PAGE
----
Are days you do not calibrate.

This last year of a decade, leaving six behind:

Have you got the things you prayed for?

Have the sixty’s helped you find

The life you’re made for?

Sixty-nine: a leaving and a looking forward.

One more chance to start the new –

Do things you’re born to do.

Stay strong, and

Happy birthday all year long!

©What You Were Born To Do7.2.5

Birth, Death & In Between; Special People Special Occasions; Birthday Book;

Arlene Corwin

Mother In-Law 2007

             Mother In-law

Has it been twenty-four

Daughter in-law years?

She was plump then –

Face a rosy, Swedish skin.

Always prone to valleyed hills,

One of the first to lean on pills,

She raised her four.

The best of mothers:

Giving and uncritical.


One holds back tears

As time/space feeling disappears –

When time and home and neighborhood,

Recounting conversations, mood

Was always of the essence.

Twenty-four short years before

Her plumpness ran across the streets, up stairs,

Saw nature’s beauty everywhere,

Bleached, washed and cleaned each corner…

One is left a mourner,

Mourning, like Siddhartha

For the rounds of life.

©Mother In-law 07.4.10

Love Relationships; Special People Special Occasions;

Birth, Death & In Between; Mother Book;

Arlene Corwin

He Needs A New Style 2007 1999

        He Needs A New Style

He needs a new style,

New content, maybe. He,

He ought to stop awhile

Until his tutelary genie shows.

He’s stale, he’s pale.

He needs a new scent up his nose;

A muse who loves him.

©He Needs A New Style 07.10.25. (idea 99.6.18)

The Processes: Creative. Thinking, Meditative; Vaguely About Music;

Special People, Special Occasions;

Arlene Corwin

Special People 2008


       Special People

I talk to him about himself;

He ‘yes-es’ with, “I get it, yes” –

He yes’s me to death

Preferring really, stories stored.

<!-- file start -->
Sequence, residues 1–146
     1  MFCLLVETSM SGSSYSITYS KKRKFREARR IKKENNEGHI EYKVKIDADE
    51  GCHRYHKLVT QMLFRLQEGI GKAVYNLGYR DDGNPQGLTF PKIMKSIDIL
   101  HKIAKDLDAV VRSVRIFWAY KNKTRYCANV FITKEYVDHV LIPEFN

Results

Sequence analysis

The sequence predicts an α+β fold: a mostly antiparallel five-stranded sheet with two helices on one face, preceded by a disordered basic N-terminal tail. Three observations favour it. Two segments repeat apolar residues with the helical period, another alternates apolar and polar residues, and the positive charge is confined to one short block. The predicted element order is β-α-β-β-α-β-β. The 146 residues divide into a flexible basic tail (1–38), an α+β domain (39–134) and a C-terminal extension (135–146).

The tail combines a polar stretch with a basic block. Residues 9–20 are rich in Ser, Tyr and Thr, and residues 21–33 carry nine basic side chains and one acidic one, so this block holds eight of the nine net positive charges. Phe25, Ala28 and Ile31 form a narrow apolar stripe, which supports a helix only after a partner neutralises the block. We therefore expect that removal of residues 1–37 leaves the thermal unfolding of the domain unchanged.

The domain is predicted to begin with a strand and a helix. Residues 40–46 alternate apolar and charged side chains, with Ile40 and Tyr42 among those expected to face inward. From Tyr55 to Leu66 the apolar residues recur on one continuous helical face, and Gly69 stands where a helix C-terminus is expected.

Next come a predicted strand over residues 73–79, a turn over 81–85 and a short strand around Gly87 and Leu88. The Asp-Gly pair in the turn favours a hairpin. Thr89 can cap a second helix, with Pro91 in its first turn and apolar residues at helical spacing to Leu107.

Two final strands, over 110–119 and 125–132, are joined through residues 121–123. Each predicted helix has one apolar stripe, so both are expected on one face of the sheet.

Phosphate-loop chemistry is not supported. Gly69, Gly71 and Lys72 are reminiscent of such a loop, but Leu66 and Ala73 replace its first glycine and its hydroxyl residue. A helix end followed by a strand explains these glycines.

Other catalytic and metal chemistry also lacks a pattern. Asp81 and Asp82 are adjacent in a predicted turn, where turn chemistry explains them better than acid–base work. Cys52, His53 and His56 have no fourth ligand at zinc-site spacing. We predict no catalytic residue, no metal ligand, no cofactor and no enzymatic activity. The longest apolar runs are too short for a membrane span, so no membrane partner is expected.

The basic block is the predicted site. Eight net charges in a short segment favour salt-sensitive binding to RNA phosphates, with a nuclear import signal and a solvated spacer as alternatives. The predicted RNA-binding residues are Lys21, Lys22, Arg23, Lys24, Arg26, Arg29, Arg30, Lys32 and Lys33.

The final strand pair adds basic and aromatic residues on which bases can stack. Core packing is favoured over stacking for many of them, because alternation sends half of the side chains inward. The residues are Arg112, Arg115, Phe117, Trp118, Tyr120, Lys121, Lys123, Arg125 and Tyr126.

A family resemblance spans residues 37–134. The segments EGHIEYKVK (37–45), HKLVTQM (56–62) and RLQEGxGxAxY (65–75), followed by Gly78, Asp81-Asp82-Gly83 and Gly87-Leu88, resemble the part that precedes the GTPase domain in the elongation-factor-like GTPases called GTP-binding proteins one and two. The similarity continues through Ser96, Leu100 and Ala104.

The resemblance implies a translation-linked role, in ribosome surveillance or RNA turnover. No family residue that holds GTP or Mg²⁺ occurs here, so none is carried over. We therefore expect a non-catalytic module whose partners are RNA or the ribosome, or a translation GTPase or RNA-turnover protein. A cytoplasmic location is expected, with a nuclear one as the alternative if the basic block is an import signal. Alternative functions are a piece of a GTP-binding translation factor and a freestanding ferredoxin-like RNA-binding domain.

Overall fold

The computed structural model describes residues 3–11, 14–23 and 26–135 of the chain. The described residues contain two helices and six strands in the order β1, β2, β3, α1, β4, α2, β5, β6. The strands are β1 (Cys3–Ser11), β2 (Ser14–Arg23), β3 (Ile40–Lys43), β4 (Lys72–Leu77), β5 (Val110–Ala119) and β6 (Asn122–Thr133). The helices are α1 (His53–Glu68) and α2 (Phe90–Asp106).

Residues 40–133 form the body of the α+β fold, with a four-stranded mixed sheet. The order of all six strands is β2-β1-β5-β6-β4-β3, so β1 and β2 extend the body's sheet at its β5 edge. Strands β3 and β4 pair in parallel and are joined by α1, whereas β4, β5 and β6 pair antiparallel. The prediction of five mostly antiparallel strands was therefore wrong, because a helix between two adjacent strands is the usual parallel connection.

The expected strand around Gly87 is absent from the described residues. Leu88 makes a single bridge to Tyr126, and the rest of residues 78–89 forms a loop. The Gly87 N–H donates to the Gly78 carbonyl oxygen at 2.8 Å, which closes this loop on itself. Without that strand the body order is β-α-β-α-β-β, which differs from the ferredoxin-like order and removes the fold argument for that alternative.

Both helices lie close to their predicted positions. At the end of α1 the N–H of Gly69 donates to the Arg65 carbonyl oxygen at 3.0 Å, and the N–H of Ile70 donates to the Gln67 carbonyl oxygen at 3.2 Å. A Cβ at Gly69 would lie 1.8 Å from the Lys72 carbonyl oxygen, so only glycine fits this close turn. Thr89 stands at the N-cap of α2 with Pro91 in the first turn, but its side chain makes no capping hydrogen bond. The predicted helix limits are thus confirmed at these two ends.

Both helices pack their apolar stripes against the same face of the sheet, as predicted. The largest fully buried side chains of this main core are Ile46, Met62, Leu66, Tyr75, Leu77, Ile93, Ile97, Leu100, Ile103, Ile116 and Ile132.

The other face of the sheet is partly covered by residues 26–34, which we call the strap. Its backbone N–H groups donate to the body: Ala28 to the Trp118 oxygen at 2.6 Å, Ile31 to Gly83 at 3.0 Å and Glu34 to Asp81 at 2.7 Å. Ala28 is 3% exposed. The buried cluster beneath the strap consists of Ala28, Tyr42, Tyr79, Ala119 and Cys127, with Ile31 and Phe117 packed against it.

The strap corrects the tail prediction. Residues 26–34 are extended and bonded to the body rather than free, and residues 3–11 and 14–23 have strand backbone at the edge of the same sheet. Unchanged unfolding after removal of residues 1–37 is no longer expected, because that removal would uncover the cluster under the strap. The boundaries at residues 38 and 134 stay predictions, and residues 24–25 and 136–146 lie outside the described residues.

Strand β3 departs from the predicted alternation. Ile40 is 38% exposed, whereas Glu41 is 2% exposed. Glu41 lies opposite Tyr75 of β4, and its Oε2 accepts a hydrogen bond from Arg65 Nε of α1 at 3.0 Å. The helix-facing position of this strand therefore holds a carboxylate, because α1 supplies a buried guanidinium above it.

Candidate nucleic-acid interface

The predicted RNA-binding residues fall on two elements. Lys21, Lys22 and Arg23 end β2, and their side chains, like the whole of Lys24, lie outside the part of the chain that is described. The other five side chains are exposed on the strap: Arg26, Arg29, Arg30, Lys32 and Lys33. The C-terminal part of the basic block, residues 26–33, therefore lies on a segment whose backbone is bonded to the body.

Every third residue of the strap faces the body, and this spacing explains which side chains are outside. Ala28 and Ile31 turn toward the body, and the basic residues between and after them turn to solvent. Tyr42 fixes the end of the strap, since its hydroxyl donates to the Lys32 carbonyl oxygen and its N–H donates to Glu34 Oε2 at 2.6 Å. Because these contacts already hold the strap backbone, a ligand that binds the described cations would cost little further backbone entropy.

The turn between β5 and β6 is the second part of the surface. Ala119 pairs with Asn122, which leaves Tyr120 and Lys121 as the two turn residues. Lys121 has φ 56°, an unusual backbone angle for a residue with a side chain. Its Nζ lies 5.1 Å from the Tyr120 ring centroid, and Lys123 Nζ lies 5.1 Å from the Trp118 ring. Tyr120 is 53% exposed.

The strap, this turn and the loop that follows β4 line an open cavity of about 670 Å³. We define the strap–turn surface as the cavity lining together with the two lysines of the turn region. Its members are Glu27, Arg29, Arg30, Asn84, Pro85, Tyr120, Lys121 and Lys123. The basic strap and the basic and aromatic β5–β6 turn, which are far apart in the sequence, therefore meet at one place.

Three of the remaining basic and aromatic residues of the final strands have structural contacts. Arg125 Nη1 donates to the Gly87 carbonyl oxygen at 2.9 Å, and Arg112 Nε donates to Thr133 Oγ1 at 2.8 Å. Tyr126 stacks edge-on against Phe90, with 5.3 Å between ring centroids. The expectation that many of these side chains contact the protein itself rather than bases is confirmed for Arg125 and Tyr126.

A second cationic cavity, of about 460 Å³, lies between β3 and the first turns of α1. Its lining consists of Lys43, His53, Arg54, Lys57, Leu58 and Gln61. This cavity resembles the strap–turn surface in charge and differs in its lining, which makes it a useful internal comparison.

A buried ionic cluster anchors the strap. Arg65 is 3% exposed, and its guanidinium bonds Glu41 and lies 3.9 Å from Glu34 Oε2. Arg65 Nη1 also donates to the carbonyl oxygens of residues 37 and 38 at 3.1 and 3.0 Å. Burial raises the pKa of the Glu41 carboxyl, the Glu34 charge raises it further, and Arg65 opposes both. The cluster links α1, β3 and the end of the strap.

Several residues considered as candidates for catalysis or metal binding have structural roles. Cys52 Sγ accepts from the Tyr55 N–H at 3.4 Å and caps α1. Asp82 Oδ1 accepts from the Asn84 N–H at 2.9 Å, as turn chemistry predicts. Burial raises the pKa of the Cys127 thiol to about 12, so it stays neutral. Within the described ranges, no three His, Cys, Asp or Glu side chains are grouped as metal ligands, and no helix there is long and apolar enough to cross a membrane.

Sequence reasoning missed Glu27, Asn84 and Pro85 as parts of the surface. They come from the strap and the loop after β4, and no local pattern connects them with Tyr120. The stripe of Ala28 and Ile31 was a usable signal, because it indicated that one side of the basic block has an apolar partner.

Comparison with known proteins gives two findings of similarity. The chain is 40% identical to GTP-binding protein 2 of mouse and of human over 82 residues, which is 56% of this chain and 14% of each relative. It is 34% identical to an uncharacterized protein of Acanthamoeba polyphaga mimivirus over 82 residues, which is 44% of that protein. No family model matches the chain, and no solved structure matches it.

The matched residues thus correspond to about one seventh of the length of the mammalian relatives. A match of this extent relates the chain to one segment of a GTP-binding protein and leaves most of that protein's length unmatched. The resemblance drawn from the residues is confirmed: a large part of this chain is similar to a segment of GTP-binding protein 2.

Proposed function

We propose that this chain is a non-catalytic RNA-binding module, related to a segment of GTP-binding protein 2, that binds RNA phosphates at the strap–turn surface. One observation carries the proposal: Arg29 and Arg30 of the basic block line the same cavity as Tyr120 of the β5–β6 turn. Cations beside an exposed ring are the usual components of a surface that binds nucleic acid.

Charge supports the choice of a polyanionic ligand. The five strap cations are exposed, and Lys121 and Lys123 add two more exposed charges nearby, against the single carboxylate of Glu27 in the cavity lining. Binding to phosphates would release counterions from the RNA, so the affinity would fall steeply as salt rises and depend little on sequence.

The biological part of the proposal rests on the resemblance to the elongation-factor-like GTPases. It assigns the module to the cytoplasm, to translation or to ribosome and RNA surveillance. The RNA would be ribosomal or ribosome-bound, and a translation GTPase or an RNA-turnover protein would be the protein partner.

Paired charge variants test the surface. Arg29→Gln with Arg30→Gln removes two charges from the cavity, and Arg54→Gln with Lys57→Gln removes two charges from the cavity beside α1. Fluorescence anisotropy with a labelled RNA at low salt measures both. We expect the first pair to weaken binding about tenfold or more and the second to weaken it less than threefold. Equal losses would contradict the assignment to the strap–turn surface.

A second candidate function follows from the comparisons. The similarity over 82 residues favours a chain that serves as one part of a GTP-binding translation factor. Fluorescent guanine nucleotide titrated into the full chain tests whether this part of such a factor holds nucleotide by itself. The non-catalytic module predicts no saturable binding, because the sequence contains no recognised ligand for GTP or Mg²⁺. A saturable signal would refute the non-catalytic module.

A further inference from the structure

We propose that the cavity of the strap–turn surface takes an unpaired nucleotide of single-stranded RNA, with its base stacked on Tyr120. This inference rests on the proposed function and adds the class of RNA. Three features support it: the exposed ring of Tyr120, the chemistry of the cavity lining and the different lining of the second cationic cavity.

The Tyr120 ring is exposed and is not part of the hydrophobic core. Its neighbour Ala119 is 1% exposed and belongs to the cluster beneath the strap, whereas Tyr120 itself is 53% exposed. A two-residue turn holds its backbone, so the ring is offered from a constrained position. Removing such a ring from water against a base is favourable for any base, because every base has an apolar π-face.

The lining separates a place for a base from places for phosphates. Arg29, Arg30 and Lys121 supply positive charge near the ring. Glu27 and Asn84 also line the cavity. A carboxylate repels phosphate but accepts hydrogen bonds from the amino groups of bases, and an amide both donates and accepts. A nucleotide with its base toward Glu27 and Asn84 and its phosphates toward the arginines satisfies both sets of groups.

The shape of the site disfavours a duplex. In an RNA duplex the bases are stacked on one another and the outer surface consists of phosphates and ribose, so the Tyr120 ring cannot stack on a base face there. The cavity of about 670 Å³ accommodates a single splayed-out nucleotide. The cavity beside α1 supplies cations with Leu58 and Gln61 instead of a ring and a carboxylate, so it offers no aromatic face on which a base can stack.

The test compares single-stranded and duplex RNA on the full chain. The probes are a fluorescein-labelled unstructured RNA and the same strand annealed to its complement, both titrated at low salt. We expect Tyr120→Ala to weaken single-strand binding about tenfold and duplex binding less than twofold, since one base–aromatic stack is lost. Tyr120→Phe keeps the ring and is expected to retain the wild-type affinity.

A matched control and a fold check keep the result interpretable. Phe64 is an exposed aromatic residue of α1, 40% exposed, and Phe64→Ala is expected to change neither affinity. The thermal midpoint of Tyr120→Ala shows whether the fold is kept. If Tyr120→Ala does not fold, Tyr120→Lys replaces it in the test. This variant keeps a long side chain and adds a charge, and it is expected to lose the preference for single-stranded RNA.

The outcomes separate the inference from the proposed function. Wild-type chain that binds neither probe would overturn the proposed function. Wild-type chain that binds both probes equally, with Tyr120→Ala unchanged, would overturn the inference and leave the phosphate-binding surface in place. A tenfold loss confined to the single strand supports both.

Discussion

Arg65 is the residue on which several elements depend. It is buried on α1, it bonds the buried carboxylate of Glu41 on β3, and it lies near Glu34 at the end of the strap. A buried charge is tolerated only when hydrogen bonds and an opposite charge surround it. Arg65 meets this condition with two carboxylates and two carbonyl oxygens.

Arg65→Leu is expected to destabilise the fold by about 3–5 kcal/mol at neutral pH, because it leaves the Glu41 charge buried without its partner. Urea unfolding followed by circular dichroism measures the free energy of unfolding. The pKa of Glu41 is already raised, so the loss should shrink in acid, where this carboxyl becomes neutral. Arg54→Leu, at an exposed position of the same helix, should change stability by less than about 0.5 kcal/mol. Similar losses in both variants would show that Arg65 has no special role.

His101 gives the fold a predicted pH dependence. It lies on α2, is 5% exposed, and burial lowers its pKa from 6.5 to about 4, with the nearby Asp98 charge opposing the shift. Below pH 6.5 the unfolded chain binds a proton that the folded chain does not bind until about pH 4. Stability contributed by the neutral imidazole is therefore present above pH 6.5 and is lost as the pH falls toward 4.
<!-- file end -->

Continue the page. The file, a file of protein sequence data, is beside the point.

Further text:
It challenges inventiveness

To get him to mature.

Famous once upon a prime,

Drinking all that time

And smoking.

Now… a shut-in,

He leaves bow untouched,

The bass against a wall;

He’s got his memories and fantasies

And loosened teeth, some royalties,

Stomach problems.

Looking out the window

Of his ground floor flat.

Is ‘where he’s at’.

I carry on our te

tes a têtesTo see what, when and if…

© Special People 8.25.2008

Small Stories Book; Special People, Special Occasions; Vaguely About Music;

Arlene Corwin






Excuse Me, I’m A So-Called Jazz Pianist



Excuse Me, I’m A So-Called Jazz Pianist



Backstage at a Lerum concert.

Queue is long –

Ten, twenty strong;

All longing for a word,

A signed record;

This little man

With hands of gold –

Maybe thirty-one years old

Sits smoking,

Chatting, greeting, joking:

Just plain nice.

The press is there; the fans are there;

Musicians to a man are there

Craning necks,

Straining to see

This king of musicality,

Like idolizing suitors.

By the time he heads the queue

He’s shy –

But not a tick goes by

When he croaks “Thank you,”

Though a hollow,

Shallow, marshey-mallow

Phrase comes out.

This clever, skillful, practiced player –

Sharp, fine-fingered Tatum sayer

Stammers as he almost bows

(One could say cows)

-Excuse me, I’m a so-called jazz pianist.”

As if living was his lie.

©Excuse me, I’m A So-Called Jazz Pianist 01.10.18

Vaguely About Music; Special People Special Occasions;(Michel Petrucciani concert)

Arlene Corwin

*pronounced kvell: it means evening in Swedish.